University of Cambridge: Green Paper plans risk ‘considerable damage’

Cambridge’s consultation response outlines opposition to ‘further marketisation’ via TEF and variable fees

January 25, 2016
King's College Chapel, Cambridge

The government’s plans for higher education in its Green Paper could cause “considerable damage to the sector and its international reputation”, the University of Cambridge has warned.

In a scathing response to the Green Paper consultation, Cambridge says the document “fails to demonstrate an understanding of the purpose of our universities”.

The university warns that the government must not create a “two-tier system” of separate teaching and research institutions; that the plan to create a new regulator in the Office for Students is “not acceptable”; and that it is “opposed to further steps towards the marketization of higher education implied by increased differentiation of fees” via the teaching excellence framework.

Cambridge’s response is co-authored by Sir Leszek Borysiewicz, the university’s vice-chancellor.

Meanwhile, the University of Oxford’s Green Paper response says that the costs of the government’s TEF plans in current form “would outweigh its benefits”.

And the Russell Group says in its response that the TEF as currently proposed “could increase this [regulatory] burden in the long-term” and that there is “a systemic risk to the international reputation and standing of UK Higher Education (and potentially to the reputation of individual institutions) from a poorly developed, misused or misinterpreted TEF”.

The critical responses from Cambridge, Oxford and the Russell Group – three organisations whose views carry significant influence in the national media and on government – are potentially damaging for Jo Johnson, the universities and science minister.

Universities UK had already criticised the plan to create “three or four” different award levels in the TEF, each linked to a different fee cap (with an increase in line with inflation the maximum rise allowed).

Cambridge’s response says that there is “much in the Green Paper to endorse”, including plans to recognise teaching excellence and widen participation.

But it adds that there are “three aspects of fundamental concern: the mechanisms proposed to secure these objectives, which in many cases are likely to be counter-productive; the proposal to separate wholly the regulation and funding of teaching from research; and, linked to that, the removal of one regulatory body independent of government with oversight of the entirety of university activity”.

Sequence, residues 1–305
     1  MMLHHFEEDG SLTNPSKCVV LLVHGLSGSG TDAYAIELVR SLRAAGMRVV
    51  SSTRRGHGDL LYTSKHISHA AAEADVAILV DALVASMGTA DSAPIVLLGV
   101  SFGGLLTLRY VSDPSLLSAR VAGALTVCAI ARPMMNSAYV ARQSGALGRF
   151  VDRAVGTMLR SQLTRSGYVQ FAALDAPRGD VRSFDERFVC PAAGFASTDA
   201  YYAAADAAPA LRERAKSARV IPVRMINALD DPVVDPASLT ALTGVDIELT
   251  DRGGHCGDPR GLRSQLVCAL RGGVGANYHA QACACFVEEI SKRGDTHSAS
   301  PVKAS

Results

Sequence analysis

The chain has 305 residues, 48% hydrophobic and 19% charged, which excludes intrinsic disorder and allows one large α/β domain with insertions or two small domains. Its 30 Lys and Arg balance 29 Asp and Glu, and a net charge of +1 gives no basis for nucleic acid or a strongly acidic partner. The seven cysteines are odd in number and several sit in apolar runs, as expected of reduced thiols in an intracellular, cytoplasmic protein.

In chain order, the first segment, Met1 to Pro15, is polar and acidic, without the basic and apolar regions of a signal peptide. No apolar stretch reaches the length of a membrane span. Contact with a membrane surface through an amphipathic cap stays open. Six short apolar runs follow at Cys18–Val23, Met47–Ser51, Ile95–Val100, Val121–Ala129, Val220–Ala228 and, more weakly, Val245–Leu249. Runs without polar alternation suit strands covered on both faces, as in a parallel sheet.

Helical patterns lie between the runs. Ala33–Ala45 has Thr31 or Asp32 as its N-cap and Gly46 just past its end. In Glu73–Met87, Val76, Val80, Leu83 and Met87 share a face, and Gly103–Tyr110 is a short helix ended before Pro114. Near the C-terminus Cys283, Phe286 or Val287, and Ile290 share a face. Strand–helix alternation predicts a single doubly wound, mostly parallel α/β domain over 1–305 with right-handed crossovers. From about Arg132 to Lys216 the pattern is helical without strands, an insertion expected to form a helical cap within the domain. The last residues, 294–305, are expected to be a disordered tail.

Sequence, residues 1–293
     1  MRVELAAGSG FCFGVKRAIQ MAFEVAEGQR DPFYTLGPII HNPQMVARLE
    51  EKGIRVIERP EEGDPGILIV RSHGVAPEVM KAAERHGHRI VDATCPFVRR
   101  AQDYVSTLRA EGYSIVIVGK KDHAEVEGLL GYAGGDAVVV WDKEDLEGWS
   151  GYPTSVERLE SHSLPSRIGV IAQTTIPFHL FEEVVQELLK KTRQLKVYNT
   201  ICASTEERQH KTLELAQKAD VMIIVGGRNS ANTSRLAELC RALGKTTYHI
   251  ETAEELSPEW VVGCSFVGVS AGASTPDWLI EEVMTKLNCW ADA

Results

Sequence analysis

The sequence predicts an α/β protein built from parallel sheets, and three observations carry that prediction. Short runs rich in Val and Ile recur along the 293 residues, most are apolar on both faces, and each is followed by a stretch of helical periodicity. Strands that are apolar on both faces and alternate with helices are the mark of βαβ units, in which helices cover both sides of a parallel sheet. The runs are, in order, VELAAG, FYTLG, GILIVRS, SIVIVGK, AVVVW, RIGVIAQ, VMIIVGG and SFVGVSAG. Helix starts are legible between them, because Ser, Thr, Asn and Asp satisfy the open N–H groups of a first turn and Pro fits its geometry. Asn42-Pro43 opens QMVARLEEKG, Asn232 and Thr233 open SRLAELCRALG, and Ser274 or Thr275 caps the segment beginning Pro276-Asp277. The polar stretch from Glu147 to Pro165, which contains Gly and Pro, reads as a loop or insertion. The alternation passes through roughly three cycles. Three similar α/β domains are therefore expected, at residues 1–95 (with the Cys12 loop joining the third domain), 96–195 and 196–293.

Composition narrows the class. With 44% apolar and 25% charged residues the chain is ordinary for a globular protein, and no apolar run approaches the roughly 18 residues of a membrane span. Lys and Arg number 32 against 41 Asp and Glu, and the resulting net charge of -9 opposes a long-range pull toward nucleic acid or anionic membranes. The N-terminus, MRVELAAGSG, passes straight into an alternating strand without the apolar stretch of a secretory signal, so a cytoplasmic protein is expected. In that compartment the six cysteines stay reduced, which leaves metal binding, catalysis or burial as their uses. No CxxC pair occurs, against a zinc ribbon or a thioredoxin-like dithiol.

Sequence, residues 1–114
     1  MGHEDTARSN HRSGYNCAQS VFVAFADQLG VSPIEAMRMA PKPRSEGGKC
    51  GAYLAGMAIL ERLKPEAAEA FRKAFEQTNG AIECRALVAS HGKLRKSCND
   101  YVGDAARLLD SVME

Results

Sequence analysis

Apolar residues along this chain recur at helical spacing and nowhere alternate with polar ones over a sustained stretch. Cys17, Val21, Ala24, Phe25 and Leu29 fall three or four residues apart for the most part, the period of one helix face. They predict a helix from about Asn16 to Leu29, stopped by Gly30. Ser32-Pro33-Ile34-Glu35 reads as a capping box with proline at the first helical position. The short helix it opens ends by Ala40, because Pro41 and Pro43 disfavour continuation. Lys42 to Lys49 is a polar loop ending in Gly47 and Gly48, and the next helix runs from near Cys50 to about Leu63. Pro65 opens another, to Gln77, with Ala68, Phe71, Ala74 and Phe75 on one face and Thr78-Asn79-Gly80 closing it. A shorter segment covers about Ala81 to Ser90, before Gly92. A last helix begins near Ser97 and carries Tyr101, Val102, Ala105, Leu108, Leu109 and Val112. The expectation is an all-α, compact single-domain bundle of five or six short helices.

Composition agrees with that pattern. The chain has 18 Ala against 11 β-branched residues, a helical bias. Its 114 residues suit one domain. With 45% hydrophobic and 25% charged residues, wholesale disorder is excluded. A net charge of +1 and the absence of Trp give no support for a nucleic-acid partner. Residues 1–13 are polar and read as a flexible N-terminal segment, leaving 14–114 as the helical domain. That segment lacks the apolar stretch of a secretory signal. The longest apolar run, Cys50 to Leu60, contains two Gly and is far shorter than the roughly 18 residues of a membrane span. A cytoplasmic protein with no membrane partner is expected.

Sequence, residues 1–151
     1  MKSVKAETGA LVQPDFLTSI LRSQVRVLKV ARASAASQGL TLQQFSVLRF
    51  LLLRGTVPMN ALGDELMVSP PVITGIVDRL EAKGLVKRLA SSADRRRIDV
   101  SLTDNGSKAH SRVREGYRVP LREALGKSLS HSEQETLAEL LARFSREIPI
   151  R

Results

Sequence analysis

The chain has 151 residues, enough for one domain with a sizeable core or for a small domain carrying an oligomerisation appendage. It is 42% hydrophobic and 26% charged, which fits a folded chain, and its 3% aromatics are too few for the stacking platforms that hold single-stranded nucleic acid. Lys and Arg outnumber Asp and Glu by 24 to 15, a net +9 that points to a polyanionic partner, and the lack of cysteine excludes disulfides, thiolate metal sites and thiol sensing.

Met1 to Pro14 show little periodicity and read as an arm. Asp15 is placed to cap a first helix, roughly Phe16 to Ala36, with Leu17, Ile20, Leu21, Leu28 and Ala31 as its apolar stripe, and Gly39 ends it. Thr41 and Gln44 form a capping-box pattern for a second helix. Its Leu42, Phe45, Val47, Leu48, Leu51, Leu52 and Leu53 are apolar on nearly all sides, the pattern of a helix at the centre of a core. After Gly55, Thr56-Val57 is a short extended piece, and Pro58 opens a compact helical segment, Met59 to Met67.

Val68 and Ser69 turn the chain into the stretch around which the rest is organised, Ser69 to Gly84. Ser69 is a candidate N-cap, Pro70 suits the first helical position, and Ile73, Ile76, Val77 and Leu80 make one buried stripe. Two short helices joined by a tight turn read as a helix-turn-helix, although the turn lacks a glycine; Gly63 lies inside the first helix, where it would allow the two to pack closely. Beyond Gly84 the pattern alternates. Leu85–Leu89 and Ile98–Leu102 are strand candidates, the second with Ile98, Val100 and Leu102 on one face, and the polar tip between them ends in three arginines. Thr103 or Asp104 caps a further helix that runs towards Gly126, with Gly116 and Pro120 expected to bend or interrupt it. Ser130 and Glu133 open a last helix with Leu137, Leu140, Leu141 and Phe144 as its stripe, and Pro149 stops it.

Cambridge’s response continues: “Unless these issues are satisfactorily addressed, the proposals will cause considerable damage to the sector and, consequently, to its international reputation; they will also risk undermining the very priorities they are designed to advance.”

The Green Paper “fails to demonstrate an understanding of the purpose of our universities and the reasons for the sector’s international standing”, Cambridge says.

“The ‘long-reach’ aim of universities is to help students grow into thoughtful and critical citizens, not just earners and consumers,” it adds.

On funding, the university says that “we do not support the linkage between TEF and fees: it is bound to affect student decision-making adversely, and in particular it may deter students from low income families from applying to the best universities”.

Although the government says that any fee rises arising from the TEF would be capped at the rate of inflation, Cambridge acknowledges suggestions from some in the sector that the government’s ultimate aim is to pave the way to a system of truly variable fees, in which some universities charge significantly more than others.

“If a TEF is associated with an ability to increase tuition fees beyond inflation, students would be forced to choose between quality, as measured by a TEF, and affordability,” it says.

Instead, the TEF should purely be a “Kitemark” of teaching quality, Cambridge advises.

The Green Paper includes plans to merge the Higher Education Funding Council for England and the Office for Fair Access, creating a new market and student-focused regulator called the Office for Students.

Hefce’s research responsibilities would be passed to a new Research UK body, the government has proposed.

“The absence of one overarching independent regulatory body for universities at arm’s length from government with responsibility for overseeing the full range of a university’s activity is a basic flaw in the Green Paper’s proposed new architecture,” Cambridge says.

The university also warns against “crude or reductive metrics” being used for the TEF.

Oxford warns of a “possible deleterious separation of research and teaching”, calling the split of Hefce’s responsibilities between the OfS and Research UK “a potentially damaging move”.

On the TEF and fees, Oxford says that “we do not see a scale of three or four levels as being ‘simple’, and we are not clear on what basis differentiation would be made between different levels”.

The university adds: “It is not clear to us how the proposed system of financial incentives is intended to function. If, as seems possible from a reading of the proposals, the different levels of award are to work within a narrow range of tuition fee caps, based on inflation adjustments, the cost to institutions of seeking a higher level of award, in additional data collection, monitoring and reporting, could well be greater than the financial gain.”

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